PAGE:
There are several videos from Learn Korean with KoreanClass101.com at their YouTube channel, one of which promises to teach Hangul in 35 minutes.
I’ll have a few more thoughts on language learning and on learning Korean in particular next week, but for now, what language are you learning? How are you learning it?
*One reason languages like Japanese and Chinese are often cited as being so hard for Westerners to learn is that it takes so long to get familiar with the writing systems. If an English-speaker wants to learn French or Spanish, they’re already more-or-less able to read the language, which is a huge advantage to learning. Compare:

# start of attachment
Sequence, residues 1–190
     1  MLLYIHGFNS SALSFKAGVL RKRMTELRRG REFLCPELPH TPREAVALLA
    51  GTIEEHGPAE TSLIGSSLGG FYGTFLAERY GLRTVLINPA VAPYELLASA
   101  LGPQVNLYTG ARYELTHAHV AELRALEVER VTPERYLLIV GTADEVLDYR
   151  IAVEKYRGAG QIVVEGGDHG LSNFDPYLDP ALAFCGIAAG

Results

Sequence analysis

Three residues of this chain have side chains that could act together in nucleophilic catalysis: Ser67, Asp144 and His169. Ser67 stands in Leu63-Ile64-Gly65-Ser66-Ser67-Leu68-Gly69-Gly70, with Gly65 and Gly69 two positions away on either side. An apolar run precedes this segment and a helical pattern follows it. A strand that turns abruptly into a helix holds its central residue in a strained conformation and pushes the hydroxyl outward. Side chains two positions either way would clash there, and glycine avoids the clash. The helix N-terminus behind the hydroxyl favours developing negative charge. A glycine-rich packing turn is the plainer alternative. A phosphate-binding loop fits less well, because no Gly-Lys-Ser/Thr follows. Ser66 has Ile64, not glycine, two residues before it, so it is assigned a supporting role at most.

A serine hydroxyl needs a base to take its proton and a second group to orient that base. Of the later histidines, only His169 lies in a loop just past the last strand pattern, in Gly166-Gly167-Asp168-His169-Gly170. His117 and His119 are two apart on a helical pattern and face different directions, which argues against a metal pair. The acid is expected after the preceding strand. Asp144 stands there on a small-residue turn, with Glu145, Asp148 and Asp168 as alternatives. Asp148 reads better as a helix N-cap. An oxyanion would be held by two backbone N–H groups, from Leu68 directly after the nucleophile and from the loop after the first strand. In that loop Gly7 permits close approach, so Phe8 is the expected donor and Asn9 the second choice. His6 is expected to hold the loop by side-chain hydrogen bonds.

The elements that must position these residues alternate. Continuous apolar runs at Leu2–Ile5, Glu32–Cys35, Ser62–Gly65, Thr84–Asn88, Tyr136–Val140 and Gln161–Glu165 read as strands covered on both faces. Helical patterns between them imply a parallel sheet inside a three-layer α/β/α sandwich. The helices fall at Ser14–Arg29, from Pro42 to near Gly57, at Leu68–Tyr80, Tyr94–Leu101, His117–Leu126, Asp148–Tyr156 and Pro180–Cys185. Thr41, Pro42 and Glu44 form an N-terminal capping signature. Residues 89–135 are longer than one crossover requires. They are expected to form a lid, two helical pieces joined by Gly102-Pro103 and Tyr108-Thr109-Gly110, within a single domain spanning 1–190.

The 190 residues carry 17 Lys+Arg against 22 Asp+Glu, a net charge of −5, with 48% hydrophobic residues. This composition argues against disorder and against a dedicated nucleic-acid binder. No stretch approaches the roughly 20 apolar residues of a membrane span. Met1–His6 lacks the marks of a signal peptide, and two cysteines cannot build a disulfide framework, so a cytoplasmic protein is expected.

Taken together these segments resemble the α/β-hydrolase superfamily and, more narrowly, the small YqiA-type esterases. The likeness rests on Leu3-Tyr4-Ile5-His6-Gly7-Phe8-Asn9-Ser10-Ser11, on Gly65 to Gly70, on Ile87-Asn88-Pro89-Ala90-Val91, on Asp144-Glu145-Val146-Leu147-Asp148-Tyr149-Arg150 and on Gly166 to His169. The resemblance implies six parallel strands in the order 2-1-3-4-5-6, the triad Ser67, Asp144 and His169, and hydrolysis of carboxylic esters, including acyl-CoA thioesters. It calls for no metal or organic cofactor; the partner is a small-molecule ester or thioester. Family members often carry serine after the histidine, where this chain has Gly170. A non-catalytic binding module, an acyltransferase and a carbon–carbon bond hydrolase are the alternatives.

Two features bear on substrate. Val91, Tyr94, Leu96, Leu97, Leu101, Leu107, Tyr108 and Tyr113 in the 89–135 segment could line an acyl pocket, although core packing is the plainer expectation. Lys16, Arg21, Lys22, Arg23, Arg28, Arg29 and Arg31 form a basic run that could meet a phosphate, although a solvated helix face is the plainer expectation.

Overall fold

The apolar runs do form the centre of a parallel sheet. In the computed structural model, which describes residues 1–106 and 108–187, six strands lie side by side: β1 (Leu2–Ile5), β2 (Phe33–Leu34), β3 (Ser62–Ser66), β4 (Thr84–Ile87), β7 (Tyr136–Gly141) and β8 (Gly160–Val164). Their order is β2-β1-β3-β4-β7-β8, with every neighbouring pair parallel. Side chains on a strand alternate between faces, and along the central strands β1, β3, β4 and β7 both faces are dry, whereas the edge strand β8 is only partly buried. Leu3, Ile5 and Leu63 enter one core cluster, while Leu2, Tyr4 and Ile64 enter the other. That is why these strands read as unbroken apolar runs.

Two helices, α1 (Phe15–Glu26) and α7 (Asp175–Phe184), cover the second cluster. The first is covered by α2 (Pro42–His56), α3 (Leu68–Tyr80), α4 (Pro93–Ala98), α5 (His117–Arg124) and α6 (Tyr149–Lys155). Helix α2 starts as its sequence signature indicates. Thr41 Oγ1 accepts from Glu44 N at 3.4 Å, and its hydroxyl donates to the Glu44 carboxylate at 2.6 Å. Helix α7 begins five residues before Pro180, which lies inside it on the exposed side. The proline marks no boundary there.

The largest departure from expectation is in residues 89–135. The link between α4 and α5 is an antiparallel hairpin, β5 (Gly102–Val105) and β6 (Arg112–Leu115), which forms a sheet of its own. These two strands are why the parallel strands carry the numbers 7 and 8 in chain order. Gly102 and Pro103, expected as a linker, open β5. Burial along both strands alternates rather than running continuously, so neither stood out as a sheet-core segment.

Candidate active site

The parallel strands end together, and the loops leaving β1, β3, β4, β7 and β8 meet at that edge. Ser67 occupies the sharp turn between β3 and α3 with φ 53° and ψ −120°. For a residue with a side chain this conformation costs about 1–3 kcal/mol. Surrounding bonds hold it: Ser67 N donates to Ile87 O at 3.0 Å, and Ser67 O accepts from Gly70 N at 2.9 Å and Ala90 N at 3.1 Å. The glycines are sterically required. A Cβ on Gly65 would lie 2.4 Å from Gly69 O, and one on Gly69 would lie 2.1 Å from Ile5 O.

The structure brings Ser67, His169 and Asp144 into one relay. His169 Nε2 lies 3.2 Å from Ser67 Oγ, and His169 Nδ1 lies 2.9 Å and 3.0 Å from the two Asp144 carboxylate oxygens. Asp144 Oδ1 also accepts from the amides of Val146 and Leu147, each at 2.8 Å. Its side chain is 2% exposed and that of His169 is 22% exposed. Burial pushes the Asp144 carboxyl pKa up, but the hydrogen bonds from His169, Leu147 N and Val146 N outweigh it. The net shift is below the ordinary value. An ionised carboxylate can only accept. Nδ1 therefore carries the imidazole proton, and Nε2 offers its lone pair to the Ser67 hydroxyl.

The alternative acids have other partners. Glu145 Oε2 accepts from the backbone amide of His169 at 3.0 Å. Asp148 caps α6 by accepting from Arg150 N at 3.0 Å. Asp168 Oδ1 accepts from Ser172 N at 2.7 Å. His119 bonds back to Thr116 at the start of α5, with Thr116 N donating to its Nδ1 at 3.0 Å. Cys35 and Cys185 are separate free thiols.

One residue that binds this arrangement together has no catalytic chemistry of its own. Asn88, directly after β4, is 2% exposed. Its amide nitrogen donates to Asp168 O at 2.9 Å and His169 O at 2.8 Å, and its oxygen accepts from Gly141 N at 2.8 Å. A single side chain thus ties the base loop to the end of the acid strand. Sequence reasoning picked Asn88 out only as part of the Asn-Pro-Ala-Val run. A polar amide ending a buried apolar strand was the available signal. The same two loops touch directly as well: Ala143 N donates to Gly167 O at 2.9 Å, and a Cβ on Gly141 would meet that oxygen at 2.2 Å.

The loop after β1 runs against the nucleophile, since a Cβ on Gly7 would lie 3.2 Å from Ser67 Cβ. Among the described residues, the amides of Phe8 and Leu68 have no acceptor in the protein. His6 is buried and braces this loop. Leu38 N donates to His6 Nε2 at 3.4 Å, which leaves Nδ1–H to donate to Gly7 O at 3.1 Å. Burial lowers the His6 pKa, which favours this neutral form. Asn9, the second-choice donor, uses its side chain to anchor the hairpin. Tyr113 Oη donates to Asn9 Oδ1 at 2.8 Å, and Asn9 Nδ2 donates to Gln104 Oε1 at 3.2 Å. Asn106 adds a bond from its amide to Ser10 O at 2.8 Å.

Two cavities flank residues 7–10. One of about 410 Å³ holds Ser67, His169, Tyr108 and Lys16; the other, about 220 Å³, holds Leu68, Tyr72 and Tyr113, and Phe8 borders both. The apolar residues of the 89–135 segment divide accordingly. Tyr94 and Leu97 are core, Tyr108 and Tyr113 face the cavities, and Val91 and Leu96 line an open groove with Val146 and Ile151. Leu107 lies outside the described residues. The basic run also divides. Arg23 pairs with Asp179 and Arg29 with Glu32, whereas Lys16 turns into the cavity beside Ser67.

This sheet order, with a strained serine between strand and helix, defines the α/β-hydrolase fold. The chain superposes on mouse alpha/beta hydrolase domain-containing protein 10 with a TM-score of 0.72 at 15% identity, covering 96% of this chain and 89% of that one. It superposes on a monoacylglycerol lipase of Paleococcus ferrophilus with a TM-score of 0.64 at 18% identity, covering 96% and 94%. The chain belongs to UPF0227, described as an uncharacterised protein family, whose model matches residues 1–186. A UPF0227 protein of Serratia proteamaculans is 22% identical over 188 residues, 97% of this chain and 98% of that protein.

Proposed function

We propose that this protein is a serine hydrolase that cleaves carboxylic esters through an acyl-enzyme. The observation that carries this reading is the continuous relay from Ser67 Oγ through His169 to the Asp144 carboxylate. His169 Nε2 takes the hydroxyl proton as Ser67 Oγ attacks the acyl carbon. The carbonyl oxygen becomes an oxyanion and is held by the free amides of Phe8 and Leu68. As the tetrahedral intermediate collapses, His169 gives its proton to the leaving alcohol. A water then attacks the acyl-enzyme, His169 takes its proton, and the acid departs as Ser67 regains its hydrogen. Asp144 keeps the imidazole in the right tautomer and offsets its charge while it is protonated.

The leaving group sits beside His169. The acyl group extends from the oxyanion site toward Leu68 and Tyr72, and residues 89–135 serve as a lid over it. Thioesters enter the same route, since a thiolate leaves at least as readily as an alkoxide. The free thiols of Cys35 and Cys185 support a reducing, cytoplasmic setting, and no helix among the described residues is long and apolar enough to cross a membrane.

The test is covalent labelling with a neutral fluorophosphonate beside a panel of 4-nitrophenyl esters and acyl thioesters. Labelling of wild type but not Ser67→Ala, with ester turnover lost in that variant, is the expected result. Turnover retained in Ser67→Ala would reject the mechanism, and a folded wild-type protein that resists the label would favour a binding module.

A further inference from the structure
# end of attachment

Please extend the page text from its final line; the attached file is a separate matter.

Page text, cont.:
The telephone is on the table.
El teléfono está sobre la mesa.
Le téléphone est sur la table.
“One of these things is not like the other…”
What We’re Reading:
by Ronen Givony
I’ll admit that I missed the boat on Jawbreaker. When “24 Hour Revenge Therapy” debuted in 1994, I was more into Nirvana and Pearl Jam and other bands that had a more punk, less rock sound. Even so, the song “Do You Still Hate Me"?” made it’s way onto more than one mix tape.
Are you out there?
Do you hear me?
Can I call you?
Do you still hate me?
Fast forward 20 years. Just like most everyone, I still listen mostly to music that I listened to as a teenager. But, as 20th-anniversary re-issue after re-issue has come out, I’ve made it a point to pick up records from my teenage years that have found their way onto best-of and greatest lists. Like 24 Hour Revenge Therapy.